Where do ideas come from?
Obviously there is no one answer, nor one true method for generating successful results. There are, however, some simple techniques that can be helpful as a starting place. This list is by no means exhaustive, and you will likely have your own methods which are equally valid. For those of you who find yourselves periodically stuck for ideas, one or more of these techniques may be useful. If you’re really experiencing creative block you might also explore these techniques, contributed by some of the most creative people around.
1. The Reporter’s Formula
Begin by asking the famed five Ws: Who? What? Where? When? Why? (and How?).
Lists are not just aids for remembering or prioritizing; they can also be tools for discovery. List making can be a valuable first step in many situations, particularly in those instances that require you to recall or realize something you already now. For example, you might list the steps in a process or list images that come to mind related to the subject you wish to visualize. Perhaps you might list arguments for or against something. As you begin your creative process a list can a) help you focus on your objective, b) promote associations you might not have thought of otherwise and, c) provide you with a framework for your thinking.
Suggestions for list-making
- Start with a title at the top of the list so you will stay focused and always know why you are making the list
- Write as fast as possible and use short words or phrases
- Don’t be critical of any item on the list at this point—the time for editing comes later
- Write down your “dumb” or obvious ideas—it’s important to get them out of your head so they don’t bock the way for the more interesting ideas bouncing around in there
3. Stream of Consciousness
This is a common writing exercise in which you start with a subject and, without planning or consciously thinking, write anything that comes into your mind. This technique helps you explore your thoughts on the subject without making any judgements as to merit of the ideas. Follow these guidelines:
- Begin with a specific topic
- Write nonstop for ten minutes
- Don’t make changes or corrections
4. Rapid Fire
Perform each of the following steps in no more than 3 minutes.
- Describe it.
- Compare it. What is it similar to? What is it different from?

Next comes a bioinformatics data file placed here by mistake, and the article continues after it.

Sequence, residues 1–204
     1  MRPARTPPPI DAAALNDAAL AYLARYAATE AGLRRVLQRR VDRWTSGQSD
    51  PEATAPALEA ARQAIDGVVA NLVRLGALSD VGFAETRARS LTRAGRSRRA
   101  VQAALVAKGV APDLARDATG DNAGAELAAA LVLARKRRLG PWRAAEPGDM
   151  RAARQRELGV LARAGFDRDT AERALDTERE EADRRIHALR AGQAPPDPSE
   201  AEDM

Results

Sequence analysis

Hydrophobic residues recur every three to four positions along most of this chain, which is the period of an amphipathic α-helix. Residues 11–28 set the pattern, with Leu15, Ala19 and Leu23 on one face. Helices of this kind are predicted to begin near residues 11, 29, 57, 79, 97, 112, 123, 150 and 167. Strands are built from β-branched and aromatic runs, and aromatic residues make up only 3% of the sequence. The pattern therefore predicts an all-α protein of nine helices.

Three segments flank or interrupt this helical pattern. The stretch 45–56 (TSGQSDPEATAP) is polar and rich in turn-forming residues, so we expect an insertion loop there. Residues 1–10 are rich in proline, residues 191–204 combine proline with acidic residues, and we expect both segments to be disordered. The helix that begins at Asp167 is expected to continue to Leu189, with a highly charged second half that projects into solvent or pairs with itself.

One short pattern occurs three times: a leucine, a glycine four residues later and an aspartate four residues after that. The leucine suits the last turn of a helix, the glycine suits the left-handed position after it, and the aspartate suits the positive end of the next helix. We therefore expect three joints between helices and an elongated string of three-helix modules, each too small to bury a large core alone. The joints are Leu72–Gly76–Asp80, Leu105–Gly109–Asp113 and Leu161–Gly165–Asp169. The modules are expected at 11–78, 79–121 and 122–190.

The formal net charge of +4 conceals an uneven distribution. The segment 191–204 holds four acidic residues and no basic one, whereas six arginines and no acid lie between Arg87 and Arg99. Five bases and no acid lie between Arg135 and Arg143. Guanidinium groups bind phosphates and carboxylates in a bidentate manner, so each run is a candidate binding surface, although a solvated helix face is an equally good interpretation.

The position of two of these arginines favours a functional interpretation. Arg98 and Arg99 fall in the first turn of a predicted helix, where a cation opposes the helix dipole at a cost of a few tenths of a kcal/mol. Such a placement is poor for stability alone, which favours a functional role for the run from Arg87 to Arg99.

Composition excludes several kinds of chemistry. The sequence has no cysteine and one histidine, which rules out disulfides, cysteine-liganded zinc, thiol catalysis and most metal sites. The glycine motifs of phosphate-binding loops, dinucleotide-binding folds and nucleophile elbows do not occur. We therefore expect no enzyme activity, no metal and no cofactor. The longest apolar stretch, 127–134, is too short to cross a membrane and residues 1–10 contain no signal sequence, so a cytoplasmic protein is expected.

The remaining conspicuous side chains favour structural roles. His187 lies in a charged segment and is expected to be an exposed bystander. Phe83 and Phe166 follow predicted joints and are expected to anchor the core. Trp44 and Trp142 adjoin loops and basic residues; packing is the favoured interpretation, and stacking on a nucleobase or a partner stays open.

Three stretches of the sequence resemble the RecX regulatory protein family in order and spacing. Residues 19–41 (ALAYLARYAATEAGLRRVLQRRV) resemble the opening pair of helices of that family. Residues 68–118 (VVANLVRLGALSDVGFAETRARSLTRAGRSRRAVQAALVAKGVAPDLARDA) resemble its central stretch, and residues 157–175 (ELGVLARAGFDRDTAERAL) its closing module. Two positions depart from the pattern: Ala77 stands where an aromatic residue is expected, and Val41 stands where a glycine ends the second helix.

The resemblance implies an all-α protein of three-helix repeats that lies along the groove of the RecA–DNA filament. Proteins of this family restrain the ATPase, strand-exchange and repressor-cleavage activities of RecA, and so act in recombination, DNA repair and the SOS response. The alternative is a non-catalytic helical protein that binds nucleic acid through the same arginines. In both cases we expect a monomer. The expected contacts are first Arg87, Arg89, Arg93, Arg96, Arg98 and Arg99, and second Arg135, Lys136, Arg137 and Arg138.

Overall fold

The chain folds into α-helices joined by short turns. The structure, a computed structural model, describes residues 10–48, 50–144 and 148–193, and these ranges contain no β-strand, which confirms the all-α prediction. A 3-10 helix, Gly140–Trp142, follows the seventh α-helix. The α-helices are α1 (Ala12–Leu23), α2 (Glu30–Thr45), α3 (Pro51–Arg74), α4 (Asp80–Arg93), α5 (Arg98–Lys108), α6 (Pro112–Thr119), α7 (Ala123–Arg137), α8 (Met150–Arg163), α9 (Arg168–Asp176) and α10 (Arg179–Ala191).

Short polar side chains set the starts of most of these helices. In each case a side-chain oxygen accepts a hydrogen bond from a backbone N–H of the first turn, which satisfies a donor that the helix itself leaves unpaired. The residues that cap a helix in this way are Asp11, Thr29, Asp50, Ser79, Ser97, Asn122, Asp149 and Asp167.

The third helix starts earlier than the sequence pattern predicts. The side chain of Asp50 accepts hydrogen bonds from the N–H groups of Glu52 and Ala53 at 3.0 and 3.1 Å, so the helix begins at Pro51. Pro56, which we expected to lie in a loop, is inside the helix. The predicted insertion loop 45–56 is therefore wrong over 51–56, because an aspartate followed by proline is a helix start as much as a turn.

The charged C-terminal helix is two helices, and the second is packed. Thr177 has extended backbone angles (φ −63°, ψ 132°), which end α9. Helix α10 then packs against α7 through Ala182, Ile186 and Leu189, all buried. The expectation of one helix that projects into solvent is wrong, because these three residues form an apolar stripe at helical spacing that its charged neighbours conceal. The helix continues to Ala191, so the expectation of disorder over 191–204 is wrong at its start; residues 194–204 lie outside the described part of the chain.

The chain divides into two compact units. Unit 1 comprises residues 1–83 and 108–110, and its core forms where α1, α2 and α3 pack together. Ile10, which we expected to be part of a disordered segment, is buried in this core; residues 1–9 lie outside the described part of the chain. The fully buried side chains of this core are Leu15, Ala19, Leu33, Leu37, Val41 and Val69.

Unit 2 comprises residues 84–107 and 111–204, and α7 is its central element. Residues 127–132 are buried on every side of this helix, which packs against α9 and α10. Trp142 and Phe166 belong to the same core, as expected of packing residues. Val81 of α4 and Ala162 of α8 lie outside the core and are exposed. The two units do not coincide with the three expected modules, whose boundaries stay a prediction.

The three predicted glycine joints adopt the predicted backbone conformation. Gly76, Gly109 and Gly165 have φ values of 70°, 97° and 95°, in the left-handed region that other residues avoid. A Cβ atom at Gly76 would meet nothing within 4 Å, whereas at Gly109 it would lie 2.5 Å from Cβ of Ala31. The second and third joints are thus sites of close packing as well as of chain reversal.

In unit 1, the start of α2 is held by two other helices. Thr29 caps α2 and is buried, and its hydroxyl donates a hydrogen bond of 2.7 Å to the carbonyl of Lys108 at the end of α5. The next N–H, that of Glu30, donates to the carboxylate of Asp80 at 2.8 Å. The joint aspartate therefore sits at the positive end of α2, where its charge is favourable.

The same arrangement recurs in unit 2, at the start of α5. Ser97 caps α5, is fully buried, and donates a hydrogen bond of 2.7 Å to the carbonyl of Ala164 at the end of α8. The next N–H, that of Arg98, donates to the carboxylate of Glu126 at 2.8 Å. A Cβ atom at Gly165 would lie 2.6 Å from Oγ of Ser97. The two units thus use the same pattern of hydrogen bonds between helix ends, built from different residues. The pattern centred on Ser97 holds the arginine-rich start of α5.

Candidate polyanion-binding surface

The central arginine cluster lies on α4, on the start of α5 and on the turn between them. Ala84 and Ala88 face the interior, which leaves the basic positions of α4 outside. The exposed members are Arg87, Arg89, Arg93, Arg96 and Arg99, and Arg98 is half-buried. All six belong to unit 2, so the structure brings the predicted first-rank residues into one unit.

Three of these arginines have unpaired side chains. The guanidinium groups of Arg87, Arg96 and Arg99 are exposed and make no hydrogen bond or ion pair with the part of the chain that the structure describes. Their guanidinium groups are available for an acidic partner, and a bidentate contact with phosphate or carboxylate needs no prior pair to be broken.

- Associate it. What does it make you think of? What comes into your mind? It can be similar things, or you can think of different things, times, places, people. Just let your mind go and see what happens
- Analyze it. Describe how it is made.
- Apply it. Tell what you can do with it, how it can be used.
- Argue for or against it. Your argument doesn’t have to be rational.
5. Classical Invention
Aristotle suggested that the best way to find new ideas was to picture your mind as a landscape comprised of several regions. These places (called topoi in Greek—”topics” is a loose translation) represent different ways to view or think about a subject. Just as each region of the landscape has a terrain and climate of its own, each area of the mind has its characteristic way of thinking. Viewing a problem from each region yields a unique perspective.
Aristotle’s Common Topics:
a. Antecedent and consequence
a. Possible and impossible
b. Past fact and future fact
Products, people, organizations and ideas can be defined in many ways. Defining your subject can help establish the parameters of the problem, and can often lead to surprisingly obvious but effective solutions. Answer the following:
- How does the dictionary define x?
- What is the etymology of x?
- What do people usually mean when they talk about x?
- What group of things does x seem to belong to?
- How is x different from other things in this group?
- What parts can x be divided into?
- What other words mean approximately the same as x?
- What are some specific examples of x ?
- How/when is the meaning of x commonly misunderstood?
- What is x similar to ? Why?
- What is x different from? In what ways?
- X is superior to what? In what ways?
- X is inferior to what? In what ways?
- X is most unlike what? In what ways?
- X is most like what? In what ways?
8. Thinking wrong
This is John Bielenberg’s term for what Edward de Bono describes as lateral thinking — the ability to break free of the deeply-imbedded biases that govern much of our thought and decision-making processes. One way to do this is to consciously insert elements of randomness into your process. For example: pick up the first red book you can see on your bookshelf. Turn to page 16. Find the ninth word on the page. What of that word had to be a part of your solution? Here’s another example: ask yourself an impossible question, “What if this logo was a gas? What would that look like?”
9. Design thinking
We already talked about this one.